After a brief look at animals in a system (which are the best chook and duck breeds, etc), we finished with an introduction to the forest garden; a garden which mimics the elements of a natural forest, but one in which all the products are edible, or useful in some other way.

A good reference is Forest Gardening by Robert Hart. Here’s a link to some information about the garden he established in the UK (there are many links on the subject, just google).

PDC…..Week 3

September 21, 2009

Soils ain’t soils. And if you thought so, think again.

Needless to say, this week’s PDC topic was soil—its chemistry, its biology and its physical structure.  It’s pretty simple really. Healthy soil = healthy people. Which is why the industrial agriculture model is killing us with unhealthy food. It doesn’t consider, even remotely, the health of the soil in which the plants grow.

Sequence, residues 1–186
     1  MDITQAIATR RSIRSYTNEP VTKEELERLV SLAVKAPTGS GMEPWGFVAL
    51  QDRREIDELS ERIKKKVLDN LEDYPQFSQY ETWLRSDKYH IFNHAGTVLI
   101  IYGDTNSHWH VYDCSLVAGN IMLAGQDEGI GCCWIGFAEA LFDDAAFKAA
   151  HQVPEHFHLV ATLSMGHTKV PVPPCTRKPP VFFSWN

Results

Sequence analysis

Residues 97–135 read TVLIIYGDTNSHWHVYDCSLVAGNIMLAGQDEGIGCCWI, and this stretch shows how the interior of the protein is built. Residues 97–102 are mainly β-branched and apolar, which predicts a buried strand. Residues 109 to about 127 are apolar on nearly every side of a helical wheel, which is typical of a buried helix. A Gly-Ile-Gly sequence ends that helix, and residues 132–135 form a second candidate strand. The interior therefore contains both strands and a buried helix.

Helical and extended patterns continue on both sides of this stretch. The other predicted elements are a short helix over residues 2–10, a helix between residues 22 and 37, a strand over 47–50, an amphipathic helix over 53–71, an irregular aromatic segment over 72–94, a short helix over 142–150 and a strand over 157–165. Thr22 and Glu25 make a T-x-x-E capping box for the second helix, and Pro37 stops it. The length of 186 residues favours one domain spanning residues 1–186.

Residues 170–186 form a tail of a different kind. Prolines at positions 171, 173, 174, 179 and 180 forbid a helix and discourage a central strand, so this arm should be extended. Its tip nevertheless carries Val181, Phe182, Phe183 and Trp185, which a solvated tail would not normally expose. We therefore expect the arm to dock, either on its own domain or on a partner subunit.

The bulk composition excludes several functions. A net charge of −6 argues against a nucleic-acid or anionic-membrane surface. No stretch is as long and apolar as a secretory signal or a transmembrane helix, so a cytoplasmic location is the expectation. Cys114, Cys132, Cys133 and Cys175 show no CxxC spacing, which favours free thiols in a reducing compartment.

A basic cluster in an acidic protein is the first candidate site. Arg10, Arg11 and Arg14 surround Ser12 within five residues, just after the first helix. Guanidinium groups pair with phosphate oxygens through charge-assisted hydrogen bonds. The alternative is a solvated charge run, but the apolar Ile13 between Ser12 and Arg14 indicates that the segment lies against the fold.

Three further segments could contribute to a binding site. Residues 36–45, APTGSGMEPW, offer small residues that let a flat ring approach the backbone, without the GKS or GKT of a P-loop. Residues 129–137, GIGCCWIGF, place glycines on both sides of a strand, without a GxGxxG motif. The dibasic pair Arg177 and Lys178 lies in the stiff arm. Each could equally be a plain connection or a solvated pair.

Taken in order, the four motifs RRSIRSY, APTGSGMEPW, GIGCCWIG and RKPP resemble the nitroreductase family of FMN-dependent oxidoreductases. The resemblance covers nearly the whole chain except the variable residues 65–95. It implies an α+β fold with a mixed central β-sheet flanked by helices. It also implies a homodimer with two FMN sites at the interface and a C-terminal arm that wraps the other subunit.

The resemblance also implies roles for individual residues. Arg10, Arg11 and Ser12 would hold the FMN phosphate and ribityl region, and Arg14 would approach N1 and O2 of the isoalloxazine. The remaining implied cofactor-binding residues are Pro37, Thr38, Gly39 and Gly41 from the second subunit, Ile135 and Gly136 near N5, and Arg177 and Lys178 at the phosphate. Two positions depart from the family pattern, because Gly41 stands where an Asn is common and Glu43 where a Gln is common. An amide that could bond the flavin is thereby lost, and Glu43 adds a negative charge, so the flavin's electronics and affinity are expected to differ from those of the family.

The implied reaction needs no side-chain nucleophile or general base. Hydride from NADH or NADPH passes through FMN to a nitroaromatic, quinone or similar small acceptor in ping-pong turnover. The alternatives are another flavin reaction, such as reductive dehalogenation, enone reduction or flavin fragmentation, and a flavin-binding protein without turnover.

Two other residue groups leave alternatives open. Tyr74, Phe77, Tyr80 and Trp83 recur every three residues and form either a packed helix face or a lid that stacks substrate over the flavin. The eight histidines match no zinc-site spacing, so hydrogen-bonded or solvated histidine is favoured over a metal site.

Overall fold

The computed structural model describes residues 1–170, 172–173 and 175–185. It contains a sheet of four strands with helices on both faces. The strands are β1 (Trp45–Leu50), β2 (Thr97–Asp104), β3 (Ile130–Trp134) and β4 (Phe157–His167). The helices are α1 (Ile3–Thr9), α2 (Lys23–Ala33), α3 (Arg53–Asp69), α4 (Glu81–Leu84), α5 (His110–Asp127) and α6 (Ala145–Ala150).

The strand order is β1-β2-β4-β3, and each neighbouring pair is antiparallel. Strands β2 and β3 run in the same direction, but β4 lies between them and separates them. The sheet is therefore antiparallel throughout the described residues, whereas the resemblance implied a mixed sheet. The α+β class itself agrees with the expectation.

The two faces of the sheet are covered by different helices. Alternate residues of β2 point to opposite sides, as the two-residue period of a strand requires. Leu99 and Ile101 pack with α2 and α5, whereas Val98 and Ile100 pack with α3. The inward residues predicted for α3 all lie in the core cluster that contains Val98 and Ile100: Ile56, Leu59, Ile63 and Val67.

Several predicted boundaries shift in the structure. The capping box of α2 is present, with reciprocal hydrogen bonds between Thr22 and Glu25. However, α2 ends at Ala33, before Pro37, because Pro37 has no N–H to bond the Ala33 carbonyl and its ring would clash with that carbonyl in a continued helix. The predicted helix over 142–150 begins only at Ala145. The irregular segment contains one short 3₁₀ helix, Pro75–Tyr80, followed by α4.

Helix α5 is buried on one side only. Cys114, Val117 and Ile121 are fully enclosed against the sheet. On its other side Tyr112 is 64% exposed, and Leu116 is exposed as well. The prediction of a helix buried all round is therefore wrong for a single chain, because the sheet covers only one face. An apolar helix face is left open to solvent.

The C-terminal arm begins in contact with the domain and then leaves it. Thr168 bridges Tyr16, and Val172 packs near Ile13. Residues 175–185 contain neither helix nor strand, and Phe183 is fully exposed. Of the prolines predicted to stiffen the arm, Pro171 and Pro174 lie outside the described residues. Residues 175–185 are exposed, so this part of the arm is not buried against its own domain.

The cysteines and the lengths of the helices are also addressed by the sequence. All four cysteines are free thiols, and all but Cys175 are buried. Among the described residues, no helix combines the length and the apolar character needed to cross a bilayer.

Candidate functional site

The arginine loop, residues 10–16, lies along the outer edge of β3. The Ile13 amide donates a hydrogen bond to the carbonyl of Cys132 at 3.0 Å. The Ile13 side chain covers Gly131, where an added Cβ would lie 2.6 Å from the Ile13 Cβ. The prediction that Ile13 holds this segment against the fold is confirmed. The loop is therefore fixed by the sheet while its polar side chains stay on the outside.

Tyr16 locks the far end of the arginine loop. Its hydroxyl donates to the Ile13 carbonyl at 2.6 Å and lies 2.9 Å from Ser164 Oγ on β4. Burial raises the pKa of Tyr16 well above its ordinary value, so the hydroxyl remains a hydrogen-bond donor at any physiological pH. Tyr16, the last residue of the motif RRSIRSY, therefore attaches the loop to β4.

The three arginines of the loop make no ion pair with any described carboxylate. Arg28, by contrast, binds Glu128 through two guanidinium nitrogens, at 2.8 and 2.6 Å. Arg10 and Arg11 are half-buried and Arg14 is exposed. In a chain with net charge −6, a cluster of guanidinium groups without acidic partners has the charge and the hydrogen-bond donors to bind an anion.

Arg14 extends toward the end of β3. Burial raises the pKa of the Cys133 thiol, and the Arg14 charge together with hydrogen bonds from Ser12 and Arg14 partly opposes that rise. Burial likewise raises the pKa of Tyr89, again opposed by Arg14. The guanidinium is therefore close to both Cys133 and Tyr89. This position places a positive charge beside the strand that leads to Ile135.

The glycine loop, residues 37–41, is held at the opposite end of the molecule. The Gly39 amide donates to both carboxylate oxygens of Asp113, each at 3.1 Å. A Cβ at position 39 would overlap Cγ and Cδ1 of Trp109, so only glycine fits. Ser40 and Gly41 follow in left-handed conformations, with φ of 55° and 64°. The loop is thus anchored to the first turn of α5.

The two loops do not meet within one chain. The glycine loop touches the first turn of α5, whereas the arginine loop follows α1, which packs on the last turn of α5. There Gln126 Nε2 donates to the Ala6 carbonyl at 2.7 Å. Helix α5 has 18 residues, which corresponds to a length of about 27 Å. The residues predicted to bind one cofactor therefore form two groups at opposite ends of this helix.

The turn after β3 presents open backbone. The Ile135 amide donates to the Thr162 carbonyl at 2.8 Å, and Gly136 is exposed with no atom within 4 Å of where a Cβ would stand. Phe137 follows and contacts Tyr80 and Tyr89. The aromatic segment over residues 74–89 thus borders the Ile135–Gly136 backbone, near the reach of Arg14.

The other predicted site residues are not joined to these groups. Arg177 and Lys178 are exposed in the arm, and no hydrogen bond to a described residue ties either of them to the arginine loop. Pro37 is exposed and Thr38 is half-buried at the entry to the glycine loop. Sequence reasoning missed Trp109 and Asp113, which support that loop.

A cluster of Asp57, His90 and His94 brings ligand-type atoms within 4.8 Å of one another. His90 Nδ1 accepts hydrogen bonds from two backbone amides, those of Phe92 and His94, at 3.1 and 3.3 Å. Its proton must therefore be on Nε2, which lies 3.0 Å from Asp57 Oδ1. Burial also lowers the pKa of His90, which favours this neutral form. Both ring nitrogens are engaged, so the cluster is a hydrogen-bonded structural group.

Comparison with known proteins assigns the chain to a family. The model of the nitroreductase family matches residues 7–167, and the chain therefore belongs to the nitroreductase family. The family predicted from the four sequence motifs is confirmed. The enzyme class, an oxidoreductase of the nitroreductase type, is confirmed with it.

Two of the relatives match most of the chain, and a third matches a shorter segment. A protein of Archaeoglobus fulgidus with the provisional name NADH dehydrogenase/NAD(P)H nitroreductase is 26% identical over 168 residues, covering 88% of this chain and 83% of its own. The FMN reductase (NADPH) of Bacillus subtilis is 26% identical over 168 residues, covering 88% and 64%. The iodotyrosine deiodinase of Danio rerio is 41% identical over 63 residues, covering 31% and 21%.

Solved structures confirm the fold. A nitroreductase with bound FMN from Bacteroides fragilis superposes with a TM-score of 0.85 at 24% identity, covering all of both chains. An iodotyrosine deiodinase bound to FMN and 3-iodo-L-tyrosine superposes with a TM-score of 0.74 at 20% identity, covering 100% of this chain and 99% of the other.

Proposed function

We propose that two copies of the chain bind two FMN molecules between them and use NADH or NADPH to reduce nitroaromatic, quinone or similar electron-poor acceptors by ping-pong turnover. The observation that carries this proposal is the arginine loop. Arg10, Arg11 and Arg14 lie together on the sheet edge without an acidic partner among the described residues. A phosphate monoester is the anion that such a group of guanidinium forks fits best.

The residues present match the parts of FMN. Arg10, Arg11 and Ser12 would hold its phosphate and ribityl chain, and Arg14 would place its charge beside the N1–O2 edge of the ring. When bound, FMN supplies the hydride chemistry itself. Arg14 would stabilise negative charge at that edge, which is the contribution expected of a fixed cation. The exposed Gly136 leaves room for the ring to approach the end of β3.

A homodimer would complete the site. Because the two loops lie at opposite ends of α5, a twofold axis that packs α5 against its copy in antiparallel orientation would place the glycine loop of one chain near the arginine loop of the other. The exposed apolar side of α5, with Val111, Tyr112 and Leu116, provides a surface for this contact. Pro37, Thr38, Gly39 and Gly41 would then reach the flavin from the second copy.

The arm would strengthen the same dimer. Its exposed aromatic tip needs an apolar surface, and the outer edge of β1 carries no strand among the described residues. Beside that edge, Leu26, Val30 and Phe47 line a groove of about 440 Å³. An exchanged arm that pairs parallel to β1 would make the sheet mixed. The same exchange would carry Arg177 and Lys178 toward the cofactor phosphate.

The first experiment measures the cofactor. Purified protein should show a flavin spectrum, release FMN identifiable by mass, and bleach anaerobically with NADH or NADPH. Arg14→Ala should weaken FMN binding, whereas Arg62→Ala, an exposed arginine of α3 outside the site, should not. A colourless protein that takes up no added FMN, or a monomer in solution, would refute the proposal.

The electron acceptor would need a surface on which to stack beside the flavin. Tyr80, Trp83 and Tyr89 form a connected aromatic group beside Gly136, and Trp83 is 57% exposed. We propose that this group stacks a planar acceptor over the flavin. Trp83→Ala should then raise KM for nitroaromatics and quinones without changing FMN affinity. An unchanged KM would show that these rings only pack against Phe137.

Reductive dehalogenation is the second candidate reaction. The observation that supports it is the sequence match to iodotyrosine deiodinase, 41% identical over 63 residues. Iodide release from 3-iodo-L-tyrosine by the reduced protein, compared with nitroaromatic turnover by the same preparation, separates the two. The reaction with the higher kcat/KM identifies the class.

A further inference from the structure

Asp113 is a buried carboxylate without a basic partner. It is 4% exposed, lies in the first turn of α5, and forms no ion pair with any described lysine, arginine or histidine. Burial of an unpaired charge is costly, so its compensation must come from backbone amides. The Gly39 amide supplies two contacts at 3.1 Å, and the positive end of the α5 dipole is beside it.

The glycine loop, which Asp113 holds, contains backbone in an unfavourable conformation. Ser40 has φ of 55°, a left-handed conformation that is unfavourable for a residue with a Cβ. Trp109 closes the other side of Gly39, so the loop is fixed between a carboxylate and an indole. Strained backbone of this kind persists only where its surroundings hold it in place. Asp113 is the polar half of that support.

The three pillars of healthy soil are the physical, the biological and the chemical, and they are all held together by carbon.

Pillar 1. Physical.  If the structure (physical) is poor, then the soil life (biological) can’t thrive and the soil’s water and nutrient holding capacity (chemical) is reduced.

Pillar 2. Biological. If the soil life (biological) is damaged, their ability to build and maintain soil structure is lost (physical) and they stop recycling and storing nutrients (chemical).

Pillar 3. Chemical.  If the mineral balance or moisture (chemical) is absent, then the soil structure can collapse (physical), and soil life (biological) cannot thrive.